Friday 20 July 2012

Friday Favourites

Olympic Hopeful Beth Tweddle

Britain's Beth Tweddle is not just a great gymnast, she is rapidly becoming a legend of British Gymnastics. Nobody has done more for the sport than Beth, going on to achieve greater and greater things and generate more and more enthusiasm for a little talked about or followed sport in Britain. She has become a six time European Gold medallist, and a three time World Gold medallist. Can Beth's third and final Olympic Games, in her home country, bring the Olympic Gold that she so deserves?

I for one, believe that this is Beth's year and I think you will find it very hard to find anyone who does not wish Beth the Gold in London - except the Russians and the Chinese perhaps! At the age of 27 and with over 11 years of senior competition behind her, she has the experience and the maturity to do what needs to be done. She also knows how to deal with the pressure, saying that she wants to do the best routines she possibly can and if that produces a medal even better, but if not she still has a lot more to look back on. And Beth certainly does have a lot to look back on over her wonderful career.

Her senior career began in 2001 with Beth taking her first senior all around British Championships title. Later in the year she was picked for the 2001 World Championship team, where the team finished 9th and Beth came 24th in the all around final. In 2002 she won the Bronze medal on bars at the European Championships, becoming the first British gymnast to win a European medal. Later that year, she finished 4th in the bars final at the World Championships as well as becoming the Commonwealth Champion on bars, Silver medallist all around and with a second place finish for the team. In 2003 Beth made history again, taking the Bronze medal on bars at the World Championships and becoming the first British gymnast to win a World medal. In 2004 she took Silver on bars at the European Championships before being being selected to the Athens 2004 Olympics, where the team finished 11th and Beth came 19th in the all around final.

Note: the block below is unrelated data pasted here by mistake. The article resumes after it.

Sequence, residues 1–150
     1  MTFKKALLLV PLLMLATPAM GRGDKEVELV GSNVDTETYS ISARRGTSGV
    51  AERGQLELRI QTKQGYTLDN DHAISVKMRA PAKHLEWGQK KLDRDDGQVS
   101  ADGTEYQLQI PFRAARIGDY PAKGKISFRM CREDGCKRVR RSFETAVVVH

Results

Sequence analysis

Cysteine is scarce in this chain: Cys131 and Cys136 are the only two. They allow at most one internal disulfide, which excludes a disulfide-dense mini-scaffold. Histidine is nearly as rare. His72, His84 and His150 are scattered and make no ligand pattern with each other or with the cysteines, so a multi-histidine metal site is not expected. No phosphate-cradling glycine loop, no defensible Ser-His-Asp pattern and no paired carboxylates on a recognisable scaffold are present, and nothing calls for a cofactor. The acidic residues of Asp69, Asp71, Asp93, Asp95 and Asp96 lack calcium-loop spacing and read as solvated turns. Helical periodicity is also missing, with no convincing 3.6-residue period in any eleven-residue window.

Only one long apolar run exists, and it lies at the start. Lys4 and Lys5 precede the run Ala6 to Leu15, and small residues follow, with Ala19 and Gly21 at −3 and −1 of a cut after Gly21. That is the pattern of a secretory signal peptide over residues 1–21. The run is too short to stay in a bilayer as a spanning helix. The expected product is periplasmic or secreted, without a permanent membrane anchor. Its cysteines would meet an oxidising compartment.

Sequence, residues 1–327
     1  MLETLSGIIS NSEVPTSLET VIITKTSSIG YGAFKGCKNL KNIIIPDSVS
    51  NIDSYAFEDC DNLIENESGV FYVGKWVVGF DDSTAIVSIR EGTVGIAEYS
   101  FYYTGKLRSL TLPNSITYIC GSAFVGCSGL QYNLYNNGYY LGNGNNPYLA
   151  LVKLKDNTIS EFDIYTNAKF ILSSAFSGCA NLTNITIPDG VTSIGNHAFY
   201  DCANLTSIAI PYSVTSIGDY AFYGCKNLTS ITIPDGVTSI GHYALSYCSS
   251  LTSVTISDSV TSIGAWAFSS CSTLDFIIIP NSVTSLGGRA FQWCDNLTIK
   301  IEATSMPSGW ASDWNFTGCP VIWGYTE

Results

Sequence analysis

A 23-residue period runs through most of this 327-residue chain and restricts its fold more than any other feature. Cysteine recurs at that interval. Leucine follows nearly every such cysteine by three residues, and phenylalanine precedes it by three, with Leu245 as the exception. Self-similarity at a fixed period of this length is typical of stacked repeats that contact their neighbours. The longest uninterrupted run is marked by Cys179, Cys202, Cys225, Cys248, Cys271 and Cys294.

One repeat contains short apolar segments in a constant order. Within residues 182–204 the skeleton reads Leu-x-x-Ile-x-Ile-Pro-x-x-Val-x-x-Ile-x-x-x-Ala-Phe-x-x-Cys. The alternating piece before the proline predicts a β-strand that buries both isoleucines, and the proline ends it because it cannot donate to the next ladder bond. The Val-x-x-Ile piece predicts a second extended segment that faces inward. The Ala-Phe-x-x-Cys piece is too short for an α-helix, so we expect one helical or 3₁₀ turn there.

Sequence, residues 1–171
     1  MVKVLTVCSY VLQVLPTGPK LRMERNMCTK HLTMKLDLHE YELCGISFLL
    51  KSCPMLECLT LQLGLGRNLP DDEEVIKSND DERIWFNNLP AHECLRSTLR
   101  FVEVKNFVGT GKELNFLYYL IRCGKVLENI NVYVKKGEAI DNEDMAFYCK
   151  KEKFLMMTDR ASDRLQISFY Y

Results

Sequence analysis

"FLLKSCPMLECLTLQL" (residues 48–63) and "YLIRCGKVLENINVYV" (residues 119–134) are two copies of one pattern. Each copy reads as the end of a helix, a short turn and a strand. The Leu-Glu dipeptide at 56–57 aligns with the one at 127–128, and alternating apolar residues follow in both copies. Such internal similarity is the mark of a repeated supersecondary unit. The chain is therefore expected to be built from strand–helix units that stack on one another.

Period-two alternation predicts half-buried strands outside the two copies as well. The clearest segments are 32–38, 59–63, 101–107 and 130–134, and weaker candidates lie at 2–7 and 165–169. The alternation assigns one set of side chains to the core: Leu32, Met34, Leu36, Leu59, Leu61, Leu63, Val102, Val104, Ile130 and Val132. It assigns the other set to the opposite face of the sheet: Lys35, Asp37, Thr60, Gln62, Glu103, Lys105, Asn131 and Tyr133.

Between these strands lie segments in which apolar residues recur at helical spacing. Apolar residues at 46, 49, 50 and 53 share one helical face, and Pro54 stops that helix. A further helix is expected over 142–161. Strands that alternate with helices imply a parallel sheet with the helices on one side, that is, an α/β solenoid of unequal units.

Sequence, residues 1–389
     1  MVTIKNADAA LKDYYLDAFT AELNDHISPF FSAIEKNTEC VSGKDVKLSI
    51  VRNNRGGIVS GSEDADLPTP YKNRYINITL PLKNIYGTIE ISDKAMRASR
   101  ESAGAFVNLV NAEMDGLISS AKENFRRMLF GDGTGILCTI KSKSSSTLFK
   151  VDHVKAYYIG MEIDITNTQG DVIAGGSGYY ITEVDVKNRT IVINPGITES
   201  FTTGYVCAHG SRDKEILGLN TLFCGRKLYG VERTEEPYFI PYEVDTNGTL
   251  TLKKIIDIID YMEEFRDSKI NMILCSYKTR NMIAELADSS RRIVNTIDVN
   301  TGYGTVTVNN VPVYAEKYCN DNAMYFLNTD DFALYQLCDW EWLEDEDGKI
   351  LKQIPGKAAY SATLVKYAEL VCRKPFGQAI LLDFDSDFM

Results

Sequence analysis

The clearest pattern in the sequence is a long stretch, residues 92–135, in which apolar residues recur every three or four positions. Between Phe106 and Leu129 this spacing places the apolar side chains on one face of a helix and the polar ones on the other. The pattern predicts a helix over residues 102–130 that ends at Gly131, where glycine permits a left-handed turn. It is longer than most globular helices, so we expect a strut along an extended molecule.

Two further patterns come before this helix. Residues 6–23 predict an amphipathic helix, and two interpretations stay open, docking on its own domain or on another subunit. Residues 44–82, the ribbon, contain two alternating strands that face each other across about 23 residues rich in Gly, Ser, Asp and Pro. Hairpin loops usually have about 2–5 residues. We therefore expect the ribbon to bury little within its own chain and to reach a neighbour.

2005 started well for Beth, qualifying in 2nd place all around at the European Championships and qualifying for all three of the apparatus finals she was eligible for. Unfortunately, injury struck and she was unable to compete in the finals. At the 2005 World Championships she did incredibly well, just missing out on a medal in the all around with a 4th place finish. She also took yet another Bronze medal on the bars but had to withdraw from the floor final due to injury. 2006 was an incredible year for both Beth and British Gymnastics. Beth became the first British gymnast to win a European title, taking the Gold on bars at the European Championships, and the first British gymnast to win a World title, becoming Gold medallist and uneven bars World Champion at the 2006 World Championships. In 2007, she became British Champion for the 7th consecutive year. She helped Britain to qualify a full team to the Beijing 2008 Olympics at the 2007 World Championships. Although she did well individually in qualifying, she failed to medal in any of the finals. In 2008 Beth claimed yet another Silver medal on bars at the European Championships as well as a 4th place finish on bars. At the Beijing 2008 Olympics she made it to the bars final but finished just outside the medals in 4th.

By now, firmly concentrating on her two favourite apparatus, bars and floor, Beth continued winning at World and European level. She won Gold on both events at the 2009 European Championships and although she failed to qualify for the bars final at the 2009 World Championships she won the Gold medal on floor. In 2010 Beth once again took Gold at the European Championships on bars and floor as well as helping the team to a Silver medal finish. She also took another Gold on bars at the 2010 World Championships. In 2011 Beth took her 3rd consecutive Gold medal on the bars at the European Championships, but finished outside the medals on floor. At the 2011 World Championships, although she failed to medal, not only did she help Britain to qualify a full team to the Olympics, she also helped lead the team to a 5th place finish, the best ever result for a British gymnastics team.

So now for 2012. After such an amazing career so far, I would love to see Beth win an Olympic medal. She certainly deserves it. Her bars routines are innovative, daring and excellently performed. I am sure that the home crowd in London will be cheering her on, as will I and many others across the world. Good luck Beth.

(Sorry about the spelling mistake in the title of the video - that wasn't me!)

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